It’s not very often you come across new science related to the history of cooking meat, possibly because it’s such a widespread human activity–especially in the summer–that everyone takes it for granted.
Also, we’ve been doing it a very long time. As I wrote in a column four years ago:
“Evidence…suggests our hominid ancestors were using fire in a South African cave called Swartkrans 1.5 million years ago.
“Researchers…analyzed burnt bones found in the cave 20 years ago…They found that among the more than 250 bones (probably antelope) were some so thoroughly burned they must have been put in a wood campfire…Other bones were only slightly heated, which seems to indicate that the meat on them had been roasted–making Swartkrans the site of the world’s first known barbecue.”
Nobody knows how quickly our ancestors went from using fire for warmth, light and protection from Things That Go Bump In the Night And Then Eat You to cooking meat. It’s not the sort of thing it’s easy to find firm evidence for.
However, an intriguing tidbit (so to speak) of information came along this week, with a new study that shows that our closest animal relatives, the wild apes, share the human preference for cooked food.
Harvard University graduate student Victoria Wobber, her advisor, Richard Wrangham, and a third colleague gave a number of captive apes a choice between cooked and raw food.
Chimpanzees definitely preferred cooked carrots, sweet potatoes, and beef over the raw versions. (They didn’t seem to care whether their apples or white potatoes were cooked, possibly because cooking doesn’t really change those items very much.)
The researchers also tested some bonobos, gorillas and orangutans. They didn’t express a preference for cooked vegetables as much as the chimps (though when they did, their tastes were similar); however, they definitely preferred the cooked beef.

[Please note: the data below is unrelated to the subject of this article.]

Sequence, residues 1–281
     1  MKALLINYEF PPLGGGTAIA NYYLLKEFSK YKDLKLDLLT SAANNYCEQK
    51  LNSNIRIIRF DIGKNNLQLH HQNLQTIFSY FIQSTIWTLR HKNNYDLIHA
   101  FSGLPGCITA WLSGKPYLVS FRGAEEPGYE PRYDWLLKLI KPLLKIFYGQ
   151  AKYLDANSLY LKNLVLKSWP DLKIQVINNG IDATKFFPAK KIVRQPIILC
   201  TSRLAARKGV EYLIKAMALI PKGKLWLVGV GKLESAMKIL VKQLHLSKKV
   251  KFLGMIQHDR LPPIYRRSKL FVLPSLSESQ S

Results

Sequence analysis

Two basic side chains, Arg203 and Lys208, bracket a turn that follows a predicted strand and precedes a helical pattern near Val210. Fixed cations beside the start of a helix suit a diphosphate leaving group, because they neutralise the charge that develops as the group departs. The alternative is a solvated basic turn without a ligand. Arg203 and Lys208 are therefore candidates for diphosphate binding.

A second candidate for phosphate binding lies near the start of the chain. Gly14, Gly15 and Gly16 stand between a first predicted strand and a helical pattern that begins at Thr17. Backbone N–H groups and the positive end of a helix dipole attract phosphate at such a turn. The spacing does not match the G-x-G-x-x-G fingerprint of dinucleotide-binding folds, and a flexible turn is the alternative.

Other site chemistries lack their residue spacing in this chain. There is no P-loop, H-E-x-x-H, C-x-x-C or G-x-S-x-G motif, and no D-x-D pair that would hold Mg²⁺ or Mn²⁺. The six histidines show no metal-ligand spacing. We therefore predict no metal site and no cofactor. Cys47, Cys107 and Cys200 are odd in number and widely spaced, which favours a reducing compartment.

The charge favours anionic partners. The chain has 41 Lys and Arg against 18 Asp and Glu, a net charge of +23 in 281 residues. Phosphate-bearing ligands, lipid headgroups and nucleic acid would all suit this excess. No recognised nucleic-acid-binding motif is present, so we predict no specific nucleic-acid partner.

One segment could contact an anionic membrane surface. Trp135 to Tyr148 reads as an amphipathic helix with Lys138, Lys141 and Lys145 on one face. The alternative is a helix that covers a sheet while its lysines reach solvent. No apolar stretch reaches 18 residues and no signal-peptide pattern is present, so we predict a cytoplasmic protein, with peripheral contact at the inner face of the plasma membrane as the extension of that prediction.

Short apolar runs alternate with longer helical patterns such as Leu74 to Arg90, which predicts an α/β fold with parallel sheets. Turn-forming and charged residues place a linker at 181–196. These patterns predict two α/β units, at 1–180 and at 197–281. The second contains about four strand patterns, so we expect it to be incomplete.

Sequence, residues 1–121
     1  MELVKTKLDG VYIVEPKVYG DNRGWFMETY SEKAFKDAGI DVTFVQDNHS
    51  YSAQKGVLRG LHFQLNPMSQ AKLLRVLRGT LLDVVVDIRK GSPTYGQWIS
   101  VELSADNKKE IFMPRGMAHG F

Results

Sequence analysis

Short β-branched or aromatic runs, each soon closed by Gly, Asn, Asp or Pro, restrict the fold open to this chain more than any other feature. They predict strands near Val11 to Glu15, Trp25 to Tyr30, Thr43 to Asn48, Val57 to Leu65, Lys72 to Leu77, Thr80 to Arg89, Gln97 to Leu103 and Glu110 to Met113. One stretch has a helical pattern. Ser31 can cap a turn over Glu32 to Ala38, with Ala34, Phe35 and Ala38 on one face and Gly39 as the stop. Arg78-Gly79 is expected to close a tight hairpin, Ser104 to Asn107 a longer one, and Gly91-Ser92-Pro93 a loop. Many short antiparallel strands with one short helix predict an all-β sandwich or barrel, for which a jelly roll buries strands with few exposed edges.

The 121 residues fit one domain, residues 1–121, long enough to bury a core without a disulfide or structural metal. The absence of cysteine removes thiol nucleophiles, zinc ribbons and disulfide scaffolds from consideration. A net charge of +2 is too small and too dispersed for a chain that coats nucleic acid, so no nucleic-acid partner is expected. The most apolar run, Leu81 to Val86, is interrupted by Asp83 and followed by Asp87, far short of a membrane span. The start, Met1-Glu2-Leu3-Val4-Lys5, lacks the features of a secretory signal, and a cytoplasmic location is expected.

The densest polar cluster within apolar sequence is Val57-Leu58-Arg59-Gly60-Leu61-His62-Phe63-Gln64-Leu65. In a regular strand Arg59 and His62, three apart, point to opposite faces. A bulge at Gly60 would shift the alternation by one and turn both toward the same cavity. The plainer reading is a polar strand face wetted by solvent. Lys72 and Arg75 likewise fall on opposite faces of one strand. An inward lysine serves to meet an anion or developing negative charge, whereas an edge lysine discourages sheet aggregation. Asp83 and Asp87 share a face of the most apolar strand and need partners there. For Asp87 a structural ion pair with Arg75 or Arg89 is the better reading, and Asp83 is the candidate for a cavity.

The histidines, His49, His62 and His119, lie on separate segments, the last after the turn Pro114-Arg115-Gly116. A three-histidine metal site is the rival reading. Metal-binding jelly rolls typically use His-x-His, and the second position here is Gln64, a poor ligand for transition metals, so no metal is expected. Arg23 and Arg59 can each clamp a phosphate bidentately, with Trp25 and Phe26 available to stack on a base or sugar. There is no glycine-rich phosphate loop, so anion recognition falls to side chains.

Previous research has shown that cats favor cooked meat (though it’s not necessarily good for them) and rats like cooked starch.
Cooking makes meat easier to eat, and also tastier. If I may return to my column of four years ago (can you self-plagiarize? And will it make you go blind?):
“Cooked meat is easier to eat because the heat alters the protein molecules in the meat. In raw meat, proteins molecules are wound up in coils, formed and held together by bonds. Heat breaks these bonds, allowing the protein molecules to unwind. Heat also causes the muscle fibers in the meat to shrink and shorten, by driving out water and causing the protein molecules to recombine or coagulate. This process of breaking, unwinding, and coagulating is called denaturing.
“Cooked meat is more flavorful for a couple of reasons. One is the Maillard reaction,” (a.k.a. “browning”) “which occurs when the denatured meat proteins recombine with the sugars that are also present…
“Fat also contributes to the flavour. Animals, like humans, are made up mostly of water, and so water is the most prevalent component of meat. Most of the flavour-carrying molecules are repelled by water. Instead, they dissolve in fat, so as the water is driven out and the fat melts, flavour is released into the meat.”
The great apes’ preference for cooked food probably indicates that our ancestors started using fire to cook with almost as soon as they had fire (which initially they probably only had when they came across it in the wild in the aftermath of a forest fire; they would then nurture it as long as they could, carrying hot coals from place to place).
Today, of course, there are many people who tout the benefits of vegan or vegetarian diets, and some who want to go whole hog (sorry) and eat only raw food.
Best be careful: a study at Oxford University has revealed that people on a meat-free diet are six times more likely to suffer brain shrinkage as they age because of a lack of Vitamin B12, which is most easily obtained by eating meat. For those on a meat-free diet, yeast extracts are a good alternative source.
Personally, I’m sticking to eating cooked meat. Vegetarians are free to call me a chump.
Or a chimp.